This sewing pattern was drafted from an original pair of trousers in the collection of the Atlanta History Center. This pair of trousers has a plain front with button fly closure and a high-waisted yoked back which is typical for mid-century trousers. The side seam pockets have self facing over a plain white cotton bag. The yoke lining and waistband lining are made from similar white cotton material. The waistband is made in two sections. Center back is open 2” into yoke. These trousers are meant to be worn with suspenders.
Stamped on the inside pocket is GEO. REFL. & HOSP. ASS (Georgia Relief & Hospital Association). This stamp certifies the trousers as being made for the war effort and some sort of standardization in fabric and cut is implied. They, however, show all the signs of being quickly and cheaply made. The tailoring touches we associate with menswear is lacking. There are no interfacings. Many of the seams are not sewn straight and the facings are crooked. They were hand sewn with stitches four to an inch.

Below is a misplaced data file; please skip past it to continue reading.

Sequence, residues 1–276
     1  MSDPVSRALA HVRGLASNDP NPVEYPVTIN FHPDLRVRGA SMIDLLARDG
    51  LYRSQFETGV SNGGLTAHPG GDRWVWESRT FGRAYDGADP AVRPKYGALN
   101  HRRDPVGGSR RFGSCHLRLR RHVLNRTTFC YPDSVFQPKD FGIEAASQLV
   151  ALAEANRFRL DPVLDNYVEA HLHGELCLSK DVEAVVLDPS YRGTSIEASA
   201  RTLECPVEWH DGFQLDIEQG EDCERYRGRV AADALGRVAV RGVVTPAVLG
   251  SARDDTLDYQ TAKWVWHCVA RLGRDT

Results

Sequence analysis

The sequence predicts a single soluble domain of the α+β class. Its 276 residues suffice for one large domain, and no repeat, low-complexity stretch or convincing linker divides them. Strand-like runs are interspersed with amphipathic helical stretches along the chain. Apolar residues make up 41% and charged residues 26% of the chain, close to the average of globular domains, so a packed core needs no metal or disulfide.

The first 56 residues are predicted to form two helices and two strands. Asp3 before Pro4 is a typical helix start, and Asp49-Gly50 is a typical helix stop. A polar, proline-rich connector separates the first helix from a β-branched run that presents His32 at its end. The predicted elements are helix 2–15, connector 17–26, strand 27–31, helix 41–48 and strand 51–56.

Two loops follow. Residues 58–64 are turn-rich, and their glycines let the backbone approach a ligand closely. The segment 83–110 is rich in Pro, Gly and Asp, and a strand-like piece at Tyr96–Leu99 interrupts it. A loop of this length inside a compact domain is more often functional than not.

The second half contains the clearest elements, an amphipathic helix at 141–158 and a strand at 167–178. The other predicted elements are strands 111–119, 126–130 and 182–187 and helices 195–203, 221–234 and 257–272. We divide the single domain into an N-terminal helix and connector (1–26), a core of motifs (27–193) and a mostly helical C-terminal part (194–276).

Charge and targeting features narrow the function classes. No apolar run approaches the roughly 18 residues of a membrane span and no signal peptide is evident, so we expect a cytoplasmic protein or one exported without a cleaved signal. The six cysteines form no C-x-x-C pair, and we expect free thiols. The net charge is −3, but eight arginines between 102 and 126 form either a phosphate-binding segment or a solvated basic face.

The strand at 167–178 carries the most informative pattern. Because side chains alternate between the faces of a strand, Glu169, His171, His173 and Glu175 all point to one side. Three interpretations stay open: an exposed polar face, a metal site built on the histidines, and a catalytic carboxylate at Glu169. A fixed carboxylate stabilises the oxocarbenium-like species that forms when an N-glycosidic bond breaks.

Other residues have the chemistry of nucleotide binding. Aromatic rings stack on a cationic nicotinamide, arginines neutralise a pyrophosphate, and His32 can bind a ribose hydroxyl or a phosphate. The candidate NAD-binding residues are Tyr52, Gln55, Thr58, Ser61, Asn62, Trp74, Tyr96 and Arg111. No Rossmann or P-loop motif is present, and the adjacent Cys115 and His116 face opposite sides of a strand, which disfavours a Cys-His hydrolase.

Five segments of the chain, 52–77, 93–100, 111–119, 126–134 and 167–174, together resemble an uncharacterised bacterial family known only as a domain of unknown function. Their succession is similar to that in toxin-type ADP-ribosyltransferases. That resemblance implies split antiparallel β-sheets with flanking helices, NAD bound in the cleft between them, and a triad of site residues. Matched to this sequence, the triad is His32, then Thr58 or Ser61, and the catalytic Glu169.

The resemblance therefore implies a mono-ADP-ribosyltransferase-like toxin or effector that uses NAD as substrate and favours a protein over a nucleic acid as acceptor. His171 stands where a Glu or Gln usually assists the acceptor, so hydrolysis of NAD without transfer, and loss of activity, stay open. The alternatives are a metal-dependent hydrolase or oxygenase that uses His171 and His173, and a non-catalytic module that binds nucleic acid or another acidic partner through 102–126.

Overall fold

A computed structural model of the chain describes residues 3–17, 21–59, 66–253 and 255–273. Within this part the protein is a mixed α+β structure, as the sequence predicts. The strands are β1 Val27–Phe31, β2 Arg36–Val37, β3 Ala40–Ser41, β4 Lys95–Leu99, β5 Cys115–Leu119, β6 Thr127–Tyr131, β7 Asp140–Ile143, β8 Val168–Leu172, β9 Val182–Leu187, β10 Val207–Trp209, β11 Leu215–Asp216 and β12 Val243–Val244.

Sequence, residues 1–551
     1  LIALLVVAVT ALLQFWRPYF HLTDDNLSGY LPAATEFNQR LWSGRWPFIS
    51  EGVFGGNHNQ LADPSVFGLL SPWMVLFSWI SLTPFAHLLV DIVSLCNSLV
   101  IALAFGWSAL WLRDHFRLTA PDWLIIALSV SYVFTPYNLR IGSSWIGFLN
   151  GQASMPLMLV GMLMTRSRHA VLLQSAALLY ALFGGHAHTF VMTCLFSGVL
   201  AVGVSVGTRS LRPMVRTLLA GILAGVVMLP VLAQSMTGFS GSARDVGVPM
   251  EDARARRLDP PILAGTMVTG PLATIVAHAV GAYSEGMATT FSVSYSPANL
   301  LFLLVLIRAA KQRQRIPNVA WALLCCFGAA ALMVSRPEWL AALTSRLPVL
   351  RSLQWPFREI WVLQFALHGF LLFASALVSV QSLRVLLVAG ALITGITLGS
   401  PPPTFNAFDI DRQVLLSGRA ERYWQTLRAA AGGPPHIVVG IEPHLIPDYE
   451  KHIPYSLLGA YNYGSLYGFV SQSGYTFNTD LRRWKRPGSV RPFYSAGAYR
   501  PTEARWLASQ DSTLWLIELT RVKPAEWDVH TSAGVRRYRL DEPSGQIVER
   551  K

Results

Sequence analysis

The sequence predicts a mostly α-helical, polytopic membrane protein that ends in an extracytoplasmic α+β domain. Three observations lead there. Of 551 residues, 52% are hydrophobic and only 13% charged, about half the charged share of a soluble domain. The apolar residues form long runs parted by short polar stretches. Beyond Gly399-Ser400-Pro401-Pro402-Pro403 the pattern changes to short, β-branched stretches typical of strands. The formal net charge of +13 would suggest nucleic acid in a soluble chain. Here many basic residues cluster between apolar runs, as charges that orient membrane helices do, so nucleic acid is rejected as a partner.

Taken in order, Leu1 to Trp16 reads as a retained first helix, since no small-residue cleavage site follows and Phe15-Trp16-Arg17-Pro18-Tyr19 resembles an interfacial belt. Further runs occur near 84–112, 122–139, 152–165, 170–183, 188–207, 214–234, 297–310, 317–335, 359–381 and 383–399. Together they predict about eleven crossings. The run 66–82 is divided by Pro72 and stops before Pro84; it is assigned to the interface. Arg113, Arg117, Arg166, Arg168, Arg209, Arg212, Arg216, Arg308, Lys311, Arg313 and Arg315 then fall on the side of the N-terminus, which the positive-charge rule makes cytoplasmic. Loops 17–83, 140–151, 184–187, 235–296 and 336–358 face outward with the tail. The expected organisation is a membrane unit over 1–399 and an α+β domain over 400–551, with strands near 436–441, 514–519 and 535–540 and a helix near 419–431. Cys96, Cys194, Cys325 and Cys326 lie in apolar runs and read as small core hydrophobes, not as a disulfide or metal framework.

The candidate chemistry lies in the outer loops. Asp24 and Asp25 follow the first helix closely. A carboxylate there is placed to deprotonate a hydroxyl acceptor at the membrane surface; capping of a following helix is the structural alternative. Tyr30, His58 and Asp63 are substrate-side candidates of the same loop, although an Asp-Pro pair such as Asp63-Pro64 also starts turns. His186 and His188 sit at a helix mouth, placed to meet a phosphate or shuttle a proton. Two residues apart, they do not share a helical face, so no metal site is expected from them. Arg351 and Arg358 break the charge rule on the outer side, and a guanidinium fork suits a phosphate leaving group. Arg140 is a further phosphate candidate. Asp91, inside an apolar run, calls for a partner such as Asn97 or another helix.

These trousers are meant to be worn at period styling which is high up on the natural waist. Suspenders are a must.
The original trousers are made from wool-cotton jean with cotton lining for waistband and pockets. There are weaving flaws and odd threads throughout. Thread counts: cotton warp 35/inch; wool weft 26/inch.